Cheese and Thyme Drop Biscuits

I have had Texas comfort food on my mind for some time now. A word or two triggered the thoughts some time ago, and the term ‘greasy spoon’ has since been on my mind. I moved a friend down to Texas back in 1996, I believe, and with a resume in hand, bumped into their neighbor, who ironically was the technical director for the company whose resume I had in hand. Call it luck, call it fate, call it all good, because this is where I really created my network of really talented friends, and explored really great food.

Cheese and Thyme drop biscuits

One thing that has been creeping up on me in my thoughts were the late nights, hanging out with friends, and cruising the rock club scene. Literally, on any given night, you could walk into a club and find great punk rock, alternative, blues, jazz, or rockabilly music. Any given night! Those nights blurred into one another, and after a late night out, a friend of mine and I would drive to a local greasy spoon for a late night meal. This is where I encountered biscuits and gravy.

If you have never had biscuits and gravy, I think you are missing out, and as many folks associate Texas with barbecue, I associate it, for the most part, with biscuits and gravy.

This is where my cheddar and thyme biscuits came into play. Now keep in mind these are not the fluffy and flaky types of biscuits that had white gravy ladled over them, but they were, lets say, their biscuits cousins. These easy to make biscuits easily satisfied my thoughts of those endless nights at a greasy spoon, and oh yeah, they go great with gravy as well!


  • 2 cups of all purpose flour
  • 1 tbsp baking powder
  • 1 tsp dried French thyme
  • 1/2 cup of shredded colby jack cheese
  • 6 tbsp of cold, unsalted butter, cubed
  • 3/4 cup of milk
Cheese and Thyme drop biscuits

To a mixing bowl, sift the flour and baking powder. Add in the thyme and cheese, and mix with a wooden spoon. Take your cubed butter, and with two forks, begin working it into the flour mixture, making sure you get it incorporated into most of the flour. Next, pour in the milk, and begin to work the milk into your flour mixture, until it begins to take shape into a dough. You are not looking for a wet dough here, but you are looking to bring it all together.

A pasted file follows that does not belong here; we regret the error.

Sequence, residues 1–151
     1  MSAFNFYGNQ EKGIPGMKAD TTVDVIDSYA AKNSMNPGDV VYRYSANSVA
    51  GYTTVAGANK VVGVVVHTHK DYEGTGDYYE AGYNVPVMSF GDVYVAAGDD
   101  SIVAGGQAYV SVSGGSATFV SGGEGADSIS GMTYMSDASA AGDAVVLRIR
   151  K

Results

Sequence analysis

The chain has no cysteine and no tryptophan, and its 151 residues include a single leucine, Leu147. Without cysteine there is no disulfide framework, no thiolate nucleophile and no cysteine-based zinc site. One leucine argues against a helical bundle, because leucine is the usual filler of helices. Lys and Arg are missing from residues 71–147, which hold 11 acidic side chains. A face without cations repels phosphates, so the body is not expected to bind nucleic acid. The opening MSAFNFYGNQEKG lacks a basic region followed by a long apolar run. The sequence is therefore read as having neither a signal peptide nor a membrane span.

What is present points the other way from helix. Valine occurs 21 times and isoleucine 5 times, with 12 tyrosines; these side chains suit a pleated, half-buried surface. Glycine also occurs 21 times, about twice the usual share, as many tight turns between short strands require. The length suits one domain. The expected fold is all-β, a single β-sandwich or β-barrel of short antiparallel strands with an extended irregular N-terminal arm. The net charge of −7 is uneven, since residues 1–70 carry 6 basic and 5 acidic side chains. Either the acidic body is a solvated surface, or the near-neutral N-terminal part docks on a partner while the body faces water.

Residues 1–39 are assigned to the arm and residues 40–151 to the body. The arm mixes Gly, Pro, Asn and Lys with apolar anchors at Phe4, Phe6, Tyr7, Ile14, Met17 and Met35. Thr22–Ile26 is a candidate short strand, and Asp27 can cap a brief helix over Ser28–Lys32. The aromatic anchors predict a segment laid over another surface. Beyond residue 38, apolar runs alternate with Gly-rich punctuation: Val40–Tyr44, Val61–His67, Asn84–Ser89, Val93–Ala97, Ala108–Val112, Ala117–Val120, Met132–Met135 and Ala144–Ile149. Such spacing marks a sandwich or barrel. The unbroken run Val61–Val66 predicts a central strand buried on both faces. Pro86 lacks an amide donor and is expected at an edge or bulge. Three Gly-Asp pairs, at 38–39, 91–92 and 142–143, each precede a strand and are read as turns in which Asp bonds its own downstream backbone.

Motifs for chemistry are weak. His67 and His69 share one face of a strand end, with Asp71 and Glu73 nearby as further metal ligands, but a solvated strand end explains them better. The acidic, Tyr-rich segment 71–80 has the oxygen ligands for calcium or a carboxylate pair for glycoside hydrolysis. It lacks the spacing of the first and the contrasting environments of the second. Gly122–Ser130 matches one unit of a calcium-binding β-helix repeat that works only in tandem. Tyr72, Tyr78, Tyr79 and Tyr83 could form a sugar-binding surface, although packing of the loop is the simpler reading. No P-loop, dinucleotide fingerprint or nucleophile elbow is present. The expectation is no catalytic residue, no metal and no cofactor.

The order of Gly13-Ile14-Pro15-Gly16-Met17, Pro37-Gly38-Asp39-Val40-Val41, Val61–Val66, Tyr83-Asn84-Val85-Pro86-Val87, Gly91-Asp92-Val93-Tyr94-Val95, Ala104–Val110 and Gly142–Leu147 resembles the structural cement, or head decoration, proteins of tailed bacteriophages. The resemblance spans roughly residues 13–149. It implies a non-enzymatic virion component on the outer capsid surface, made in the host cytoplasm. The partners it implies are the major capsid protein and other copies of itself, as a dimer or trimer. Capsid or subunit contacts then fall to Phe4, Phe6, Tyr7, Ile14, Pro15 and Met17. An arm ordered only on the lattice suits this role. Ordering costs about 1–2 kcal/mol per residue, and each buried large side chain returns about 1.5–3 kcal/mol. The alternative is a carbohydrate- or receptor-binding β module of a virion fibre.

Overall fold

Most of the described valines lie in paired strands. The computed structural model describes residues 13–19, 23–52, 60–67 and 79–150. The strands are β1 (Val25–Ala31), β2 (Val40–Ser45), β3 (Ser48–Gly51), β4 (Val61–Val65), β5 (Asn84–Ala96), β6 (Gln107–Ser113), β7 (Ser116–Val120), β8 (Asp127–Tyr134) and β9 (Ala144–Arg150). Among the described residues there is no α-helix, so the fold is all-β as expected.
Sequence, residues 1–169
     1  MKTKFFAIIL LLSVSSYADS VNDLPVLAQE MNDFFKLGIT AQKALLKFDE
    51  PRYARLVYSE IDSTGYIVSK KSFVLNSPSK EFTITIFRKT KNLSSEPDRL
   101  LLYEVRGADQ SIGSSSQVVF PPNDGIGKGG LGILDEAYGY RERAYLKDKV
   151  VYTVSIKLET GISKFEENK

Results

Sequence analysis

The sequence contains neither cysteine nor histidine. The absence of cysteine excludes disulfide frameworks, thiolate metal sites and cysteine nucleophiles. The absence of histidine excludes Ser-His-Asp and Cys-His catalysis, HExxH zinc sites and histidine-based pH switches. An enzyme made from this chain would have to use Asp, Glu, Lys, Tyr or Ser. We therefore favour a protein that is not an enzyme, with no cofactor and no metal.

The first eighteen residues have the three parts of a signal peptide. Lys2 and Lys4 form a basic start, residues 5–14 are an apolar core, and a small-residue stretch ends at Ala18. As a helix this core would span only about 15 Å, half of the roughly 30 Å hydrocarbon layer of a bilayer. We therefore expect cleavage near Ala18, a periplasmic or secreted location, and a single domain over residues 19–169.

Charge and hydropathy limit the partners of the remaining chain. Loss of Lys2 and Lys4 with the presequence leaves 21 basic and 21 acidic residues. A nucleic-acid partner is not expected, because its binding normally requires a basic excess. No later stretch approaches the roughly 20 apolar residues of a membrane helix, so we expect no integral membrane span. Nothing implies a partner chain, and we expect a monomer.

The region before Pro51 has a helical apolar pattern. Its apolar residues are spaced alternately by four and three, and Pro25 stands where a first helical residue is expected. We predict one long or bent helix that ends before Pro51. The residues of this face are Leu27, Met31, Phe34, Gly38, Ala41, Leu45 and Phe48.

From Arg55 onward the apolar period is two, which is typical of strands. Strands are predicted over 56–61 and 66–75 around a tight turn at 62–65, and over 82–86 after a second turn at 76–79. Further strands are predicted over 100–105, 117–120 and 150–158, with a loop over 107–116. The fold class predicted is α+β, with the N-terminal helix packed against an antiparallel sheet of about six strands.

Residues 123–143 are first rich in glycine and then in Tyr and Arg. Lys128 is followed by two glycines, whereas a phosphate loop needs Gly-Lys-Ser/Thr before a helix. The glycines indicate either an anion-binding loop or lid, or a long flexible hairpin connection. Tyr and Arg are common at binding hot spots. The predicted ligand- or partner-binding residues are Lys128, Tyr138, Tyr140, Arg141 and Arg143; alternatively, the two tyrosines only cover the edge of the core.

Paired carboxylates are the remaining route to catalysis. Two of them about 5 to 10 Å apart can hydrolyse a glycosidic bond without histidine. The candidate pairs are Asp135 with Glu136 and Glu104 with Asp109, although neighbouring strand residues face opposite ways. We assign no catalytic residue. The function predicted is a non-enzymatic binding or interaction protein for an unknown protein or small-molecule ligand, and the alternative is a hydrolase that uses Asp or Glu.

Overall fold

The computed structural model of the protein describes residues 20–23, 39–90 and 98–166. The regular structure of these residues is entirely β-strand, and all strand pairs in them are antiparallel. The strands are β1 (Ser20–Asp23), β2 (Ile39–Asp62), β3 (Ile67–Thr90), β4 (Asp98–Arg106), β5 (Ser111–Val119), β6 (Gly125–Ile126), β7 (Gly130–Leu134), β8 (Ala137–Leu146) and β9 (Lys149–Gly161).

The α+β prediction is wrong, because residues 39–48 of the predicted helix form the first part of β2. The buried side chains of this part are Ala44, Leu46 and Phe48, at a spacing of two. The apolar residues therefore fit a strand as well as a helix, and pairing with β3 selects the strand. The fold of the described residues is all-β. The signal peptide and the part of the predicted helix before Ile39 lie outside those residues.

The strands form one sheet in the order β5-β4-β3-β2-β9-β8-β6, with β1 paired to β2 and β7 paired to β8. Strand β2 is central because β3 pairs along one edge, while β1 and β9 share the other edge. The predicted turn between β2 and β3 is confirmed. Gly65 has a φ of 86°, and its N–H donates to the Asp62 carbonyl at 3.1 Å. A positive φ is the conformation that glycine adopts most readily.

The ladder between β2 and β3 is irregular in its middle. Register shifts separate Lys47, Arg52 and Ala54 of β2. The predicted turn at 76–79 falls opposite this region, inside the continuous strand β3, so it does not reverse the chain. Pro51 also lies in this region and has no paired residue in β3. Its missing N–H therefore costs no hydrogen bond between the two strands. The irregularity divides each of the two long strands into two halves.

Preheat your oven to 400 degrees. Take a large spoonful, roughly about 4 tablespoons worth, and drop it onto a baking sheet lined with parchment paper. Add about six or so to the sheet, and place in the preheated oven for 11-14 minutes, or until a light golden brown. Repeat with the remaining dough.

Let cool, and eat them as is, or feel free to drizzle a bit of honey on them, or heck, even eat them with jam. If you are like me, and missing out on those late Texan nights at the greasy spoon, make yourself some gravy, and dunk them on it in. Enjoy.

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Dax Phillips

Thank you for visiting my website. Truly, I do appreciate it. My free time and stress reliever is cooking for my family, friends, and everyone in between. The recipes you find on this site are those that I have either created, been part of, or those that I simply enjoy and have made my own in some shape, form, or other. My focus has always been on comfort food, because at the end of a long work day, you want something comforting. I currently am the father of three children, and married to a wonderful wife of thirteen years. There is nothing fancy with these recipes, just simple, and I will admit, not so simple ingredients, and a simple kitchen corner I can call my own. I learned early on that cooking and bringing family together was very important. After all, this notion of being together at dinner time was instilled early on by my parents. There are many memories of being in the kitchen with my parents, watching them cook, or preparing meals, or those home cooked smells while waiting for dinner. My parents who worked full-time, always had home cooked meals during the week, with the exception of Friday nights where we would enjoy a Wisconsin fish fry, and often on late afternoons on Sunday, where we would order Ann's pizza. I tend to cook by making things up. As a home cook, I think you have to take chances, and add or subtract ingredients that make up a dish, and make them your own. Remember to taste, and taste often. If a dish has potential, try it again, and make it your own. You should also note that I do not count calories, or break down recipes into grams of anything. To me, that's a bit boring. My philosophy is that if the food is good, eat it, and eat it in moderation. Life is just too short not to enjoy good food. Commonly Asked Questions: Can I use your photography/content on my website/blog? Please do not redistribute my photography or recipes without my permission. All of the recipes and photography on this website are my own unless noted, and is subjected to copyright  If you’d like to use a photograph or a recipe, please contact me for permission. Will you review my product/book/site? I am available for recipe development, food photography and/or styling, travel/press events, product reviews, brand promotion/ambassador, and sponsored posts. If you are interested in working with me, or if you have a question/comment regarding a recipe or about my blog, please send me an email.

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